Obviously, the Mariners have some talent in the minors, but a number of their top prospects are pitchers. There are definitely hitting prospects such as Mike Zunino, Brad Miller and Stefen Romero. However, there isn't a high number of obvious slugging prospects.
After this draft, the Mariners hope to address that a bit. As tweeted by Greg Johns of MLB.com:
Of course, drafting baseball players is a tough mix of scouting, research and guesswork. Some players obviously pan out, while others never make the transition to the big leagues.
With that in mind, here are some predictions for the Seattle Mariners’ top three draft picks.
First round: D.J. Peterson, 1B/3B
Obviously, there are always high hopes for a first-round pick. Peterson is an experienced college hitter who may represent the type of polished player that can make an impact on the Mariners in the next few years. Seattle certainly hopes that Peterson can move quickly through the farm system.
According to MLB.com, “He's an advanced hitter with plus power, one who's not afraid to take a walk.” That is good news for a team like the Mariners, who have struggled to develop young hitters with pop.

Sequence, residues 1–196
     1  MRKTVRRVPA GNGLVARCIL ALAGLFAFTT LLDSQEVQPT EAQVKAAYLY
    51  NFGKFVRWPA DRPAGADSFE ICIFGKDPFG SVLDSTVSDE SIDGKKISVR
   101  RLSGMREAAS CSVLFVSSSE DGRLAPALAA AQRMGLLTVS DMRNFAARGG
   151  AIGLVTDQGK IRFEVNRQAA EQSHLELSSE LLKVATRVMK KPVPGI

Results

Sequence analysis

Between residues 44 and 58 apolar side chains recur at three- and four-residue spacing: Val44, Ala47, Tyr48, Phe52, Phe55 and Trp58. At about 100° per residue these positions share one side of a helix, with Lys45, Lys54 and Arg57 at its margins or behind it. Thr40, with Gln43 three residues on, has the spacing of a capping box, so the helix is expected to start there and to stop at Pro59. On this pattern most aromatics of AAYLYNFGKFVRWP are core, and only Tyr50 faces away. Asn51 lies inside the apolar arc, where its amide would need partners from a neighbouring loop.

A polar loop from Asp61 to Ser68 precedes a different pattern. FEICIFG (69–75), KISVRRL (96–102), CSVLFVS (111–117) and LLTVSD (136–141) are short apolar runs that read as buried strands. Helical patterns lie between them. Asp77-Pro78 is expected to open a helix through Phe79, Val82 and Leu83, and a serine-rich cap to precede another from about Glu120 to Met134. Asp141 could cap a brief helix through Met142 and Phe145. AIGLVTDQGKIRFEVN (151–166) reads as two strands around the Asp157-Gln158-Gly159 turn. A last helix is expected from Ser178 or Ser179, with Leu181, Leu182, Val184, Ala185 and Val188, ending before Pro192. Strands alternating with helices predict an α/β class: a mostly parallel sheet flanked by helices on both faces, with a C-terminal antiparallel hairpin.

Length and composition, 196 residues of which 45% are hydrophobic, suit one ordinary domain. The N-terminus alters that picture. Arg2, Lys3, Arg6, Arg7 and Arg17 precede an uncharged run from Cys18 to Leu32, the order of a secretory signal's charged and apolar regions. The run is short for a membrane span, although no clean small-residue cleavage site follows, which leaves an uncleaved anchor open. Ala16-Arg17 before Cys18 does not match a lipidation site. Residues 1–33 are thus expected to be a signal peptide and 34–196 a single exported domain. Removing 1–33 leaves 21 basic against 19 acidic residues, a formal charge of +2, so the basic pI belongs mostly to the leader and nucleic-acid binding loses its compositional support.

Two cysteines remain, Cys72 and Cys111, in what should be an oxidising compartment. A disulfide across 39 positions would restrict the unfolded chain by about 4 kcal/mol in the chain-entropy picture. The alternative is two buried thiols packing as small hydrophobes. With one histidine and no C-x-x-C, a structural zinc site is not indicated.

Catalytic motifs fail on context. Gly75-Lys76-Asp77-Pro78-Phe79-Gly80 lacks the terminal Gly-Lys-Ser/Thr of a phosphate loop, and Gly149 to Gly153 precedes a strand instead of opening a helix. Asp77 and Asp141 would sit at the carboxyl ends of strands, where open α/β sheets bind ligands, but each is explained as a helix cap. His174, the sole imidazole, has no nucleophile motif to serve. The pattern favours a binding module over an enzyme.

MLB also wrote, “Some scouts felt he was the best pure hitter, especially in the college ranks, in the entire class.” If that is the case, the Mariners may have gotten a steal with the 12th pick.
For a moment, let’s be optimistic and assume that Peterson turns out to be a patient hitter with plus power. If that all comes together, he could have a very nice career.
Second round: Austin Wilson, RF
When you think about the guys who have played right field for the Mariners, there are some notable names. Jay Buhner comes to mind. Ichiro Suzuki had a pretty solid career in Seattle.
Will Austin Wilson be a cannon-armed, power-hitting right fielder that puts balls in the seats and then guns down opposing runners? Fans can hope.
As noted by Mike Rosenbaum of Bleacher Report, Wilson has all the physical tools to be an impact player. The question is whether he has fully recovered from an arm injury that he suffered this spring. If not, some of that power and athleticism might be hard to channel.
Wilson looks good on paper, but there is an ongoing stigma about the Stanford hitter, as noted by Baseball America. We will see how Wilson makes the transition to pro ball. He could be the type of player that hits monster home runs but strikes out a lot.
Prediction: Everyday player
Third round: Tyler O’Neill, RF
Baseball remains an inexact science, so forecasting the future success of certain players gets very difficult. With O’Neill, the Mariners are getting a guy who was a shortstop but is now a catcher, or perhaps a right fielder.
There are some positive comments, including analysis from MLB.com, which categorizes O’Neill as “aggressive” and someone who “should develop good power.” That sounds good, though there is obviously some uncertainty.
His nickname is “Tank.” Is that a good thing?